The New York Times
September 28, 1998 Anita Hill
Copyright 1998 The New York Times Company
By ANITA HILLBOSTON -- Even before President Clinton referred to the Clarence Thomas confirmation hearing in his grand jury testimony, comparisons between the Monica Lewinsky scandal and my testimony before the Senate Judiciary Committee were being made. The comparisons usually come in the form of a question to Democrats: "How do the current accusations differ from those raised during the Thomas hearing"?
Or more bluntly, "Why aren't women as outraged by what Bill Clinton did as they were with Clarence Thomas or Bob Packwood?"
Given the difference in the facts, the thinking behind such comparisons is at best misguided, and at worst dangerous. If impeachment hearings proceed, it is important for the House and Senate Judiciary Committees to recognize the differences and avoid the circus atmosphere that surrounded the hearing on Clarence Thomas's Supreme Court nomination.
The substance of sex-related accusations against President Clinton differs dramatically from those raised against Justice Thomas or Packwood. According to their testimony, Clinton and Ms. Lewinsky viewed their relationship as consensual. While their immoral and undignified behavior no doubt had a negative effect on others in the office and in the Clinton household, it was not coerced, unwanted or illegal.
In the case of Packwood and Thomas, the accusations involved sexual harassment. To equate those allegations with an office affair is to trivialize issues of sexual predation that women face in the workplace and on the street.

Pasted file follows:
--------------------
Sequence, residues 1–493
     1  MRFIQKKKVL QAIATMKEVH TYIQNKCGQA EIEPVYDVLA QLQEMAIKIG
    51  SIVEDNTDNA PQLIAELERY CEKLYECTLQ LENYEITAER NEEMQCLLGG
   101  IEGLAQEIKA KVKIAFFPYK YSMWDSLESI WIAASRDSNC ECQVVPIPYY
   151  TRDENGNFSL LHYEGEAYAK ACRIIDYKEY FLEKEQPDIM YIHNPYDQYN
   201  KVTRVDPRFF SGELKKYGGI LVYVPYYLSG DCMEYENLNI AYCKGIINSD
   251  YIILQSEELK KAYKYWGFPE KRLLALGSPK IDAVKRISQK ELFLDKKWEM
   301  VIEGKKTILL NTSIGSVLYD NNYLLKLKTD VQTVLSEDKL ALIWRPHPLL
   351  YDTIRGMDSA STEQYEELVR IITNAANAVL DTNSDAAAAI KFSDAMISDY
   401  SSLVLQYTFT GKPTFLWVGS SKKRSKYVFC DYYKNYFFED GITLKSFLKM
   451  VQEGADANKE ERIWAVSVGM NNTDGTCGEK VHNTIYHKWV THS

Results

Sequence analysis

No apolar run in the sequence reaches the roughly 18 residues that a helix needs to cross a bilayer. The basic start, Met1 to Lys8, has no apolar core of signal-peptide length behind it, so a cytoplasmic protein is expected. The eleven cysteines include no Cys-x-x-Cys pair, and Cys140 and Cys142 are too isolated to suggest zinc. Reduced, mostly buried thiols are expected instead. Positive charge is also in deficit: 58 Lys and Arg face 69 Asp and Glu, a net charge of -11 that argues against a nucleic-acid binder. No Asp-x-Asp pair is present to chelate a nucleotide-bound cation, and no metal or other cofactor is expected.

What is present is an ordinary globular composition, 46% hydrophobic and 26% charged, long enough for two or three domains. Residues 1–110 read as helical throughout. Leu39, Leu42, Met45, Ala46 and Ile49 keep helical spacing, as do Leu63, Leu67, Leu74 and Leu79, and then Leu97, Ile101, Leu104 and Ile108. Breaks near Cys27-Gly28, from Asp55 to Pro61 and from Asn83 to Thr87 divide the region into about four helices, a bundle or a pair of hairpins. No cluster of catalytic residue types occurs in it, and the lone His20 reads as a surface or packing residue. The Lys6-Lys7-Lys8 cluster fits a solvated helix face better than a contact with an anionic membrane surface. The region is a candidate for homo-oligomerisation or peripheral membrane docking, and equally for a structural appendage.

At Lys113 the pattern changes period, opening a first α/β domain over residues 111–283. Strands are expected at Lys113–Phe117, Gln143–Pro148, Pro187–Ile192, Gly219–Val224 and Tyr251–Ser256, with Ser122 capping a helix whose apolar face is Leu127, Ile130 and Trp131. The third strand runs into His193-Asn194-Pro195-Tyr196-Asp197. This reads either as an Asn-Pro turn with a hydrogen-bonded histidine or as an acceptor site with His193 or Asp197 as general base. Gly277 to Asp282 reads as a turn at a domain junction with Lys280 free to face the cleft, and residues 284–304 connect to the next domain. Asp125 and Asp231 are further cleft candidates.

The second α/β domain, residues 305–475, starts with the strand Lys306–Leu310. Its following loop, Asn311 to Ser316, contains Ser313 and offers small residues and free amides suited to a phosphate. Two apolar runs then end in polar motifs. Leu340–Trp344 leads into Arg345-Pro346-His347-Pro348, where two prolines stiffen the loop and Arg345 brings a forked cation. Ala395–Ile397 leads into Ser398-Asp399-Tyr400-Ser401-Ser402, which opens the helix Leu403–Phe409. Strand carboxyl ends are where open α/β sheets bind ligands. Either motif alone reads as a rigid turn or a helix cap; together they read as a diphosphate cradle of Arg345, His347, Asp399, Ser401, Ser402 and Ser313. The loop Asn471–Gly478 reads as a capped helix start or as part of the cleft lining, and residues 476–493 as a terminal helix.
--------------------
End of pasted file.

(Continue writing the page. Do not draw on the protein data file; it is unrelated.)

Nor are the situations morally equivalent. The possible violation of a woman's civil rights is not the same as the emotional pain and loss of trust that result from extramarital affairs. Equating the two promotes a form of moral fundamentalism that devalues women and the issues they face and offers only a formulaic approach to addressing them.
In addition, many of Clinton's critics claim that his supporters -- especially women -- are guilty of political hypocrisy. On the surface, the Clinton scandal may suggest hypocrisy on the part of his supporters, but the same can be said of his detractors as well.
Take Robert Bork's recent comments in an interview on "Larry King Live." Bork gave a sincere, but altogether tortured explanation of why the perjury and obstruction of justice charges represent a worse subversion of democracy than the charges raised in the Iran-contra affair in the Reagan Administration.
Do we learn anything from looking back at the Thomas hearing? I hope we learn how difficult and painful it is to address issues involving sex and power. And as the House Judiciary Committee begins evaluating the evidence in this case, it should keep in mind another lesson from the Thomas hearing: the American people not only care about getting the truth, they also care about how they get it.
The Thomas hearing was inherently flawed and lacked credibility. The Senate rushed to conclude the proceeding, without thinking through its own role. It soon became apparent that the committee was simply not competent to conduct a hearing on the legal issue of whether Thomas had sexually harassed me. People may have chosen sides during the hearing, but no one believed that the hearing was fair or orderly.
Unfortunately, in the current scandal, the process has already been tainted in the minds of the public. It began with a tape that was made illegally. It has been plagued with leaks. And Kenneth Starr's report and supporting evidence were released before Clinton had a chance to respond. Clearly the President and Ms. Lewinsky used sex for their own purposes, but are Starr and the Republicans doing the same thing?
It is up to the House Judiciary Committee to restore the public's faith in the integrity of the process, and to insure that all issues receive a fair hearing. The panel can start by asking not how Bill Clinton's behavior differed from that of Clarence Thomas, but how committee members can learn from the past to conduct a fair hearing.